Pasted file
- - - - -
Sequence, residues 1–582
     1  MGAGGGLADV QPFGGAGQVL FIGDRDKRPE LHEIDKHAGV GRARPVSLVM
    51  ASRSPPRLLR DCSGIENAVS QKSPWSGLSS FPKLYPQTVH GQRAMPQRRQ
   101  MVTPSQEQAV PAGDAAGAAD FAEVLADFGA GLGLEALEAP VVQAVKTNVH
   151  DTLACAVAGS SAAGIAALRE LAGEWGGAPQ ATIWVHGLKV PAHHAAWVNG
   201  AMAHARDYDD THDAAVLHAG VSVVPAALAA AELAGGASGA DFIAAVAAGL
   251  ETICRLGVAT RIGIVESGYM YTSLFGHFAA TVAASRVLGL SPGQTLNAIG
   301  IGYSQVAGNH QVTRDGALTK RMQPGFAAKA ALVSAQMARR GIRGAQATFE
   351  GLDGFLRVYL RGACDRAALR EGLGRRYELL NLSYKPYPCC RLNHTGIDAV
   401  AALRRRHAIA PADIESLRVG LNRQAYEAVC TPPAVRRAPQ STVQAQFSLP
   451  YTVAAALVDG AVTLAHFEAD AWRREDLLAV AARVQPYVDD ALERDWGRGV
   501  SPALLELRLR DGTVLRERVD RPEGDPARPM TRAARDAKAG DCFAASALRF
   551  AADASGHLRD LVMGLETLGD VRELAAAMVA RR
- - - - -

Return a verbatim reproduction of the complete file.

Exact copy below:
Sequence, residues 1–582
     1  MGAGGGLADV QPFGGAGQVL FIGDRDKRPE LHEIDKHAGV GRARPVSLVM
    51  ASRSPPRLLR DCSGIENAVS QKSPWSGLSS FPKLYPQTVH GQRAMPQRRQ
   101  MVTPSQEQAV PAGDAAGAAD FAEVLADFGA GLGLEALEAP VVQAVKTNVH
   151  DTLACAVAGS SAAGIAALRE LAGEWGGAPQ ATIWVHGLKV PAHHAAWVNG
   201  AMAHARDYDD THDAAVLHAG VSVVPAALAA AELAGGASGA DFIAAVAAGL
   251  ETICRLGVAT RIGIVESGYM YTSLFGHFAA TVAASRVLGL SPGQTLNAIG
   301  IGYSQVAGNH QVTRDGALTK RMQPGFAAKA ALVSAQMARR GIRGAQATFE
   351  GLDGFLRVYL RGACDRAALR EGLGRRYELL NLSYKPYPCC RLNHTGIDAV
   401  AALRRRHAIA PADIESLRVG LNRQAYEAVC TPPAVRRAPQ STVQAQFSLP
   451  YTVAAALVDG AVTLAHFEAD AWRREDLLAV AARVQPYVDD ALERDWGRGV
   501  SPALLELRLR DGTVLRERVD RPEGDPARPM TRAARDAKAG DCFAASALRF
   551  AADASGHLRD LVMGLETLGD VRELAAAMVA RR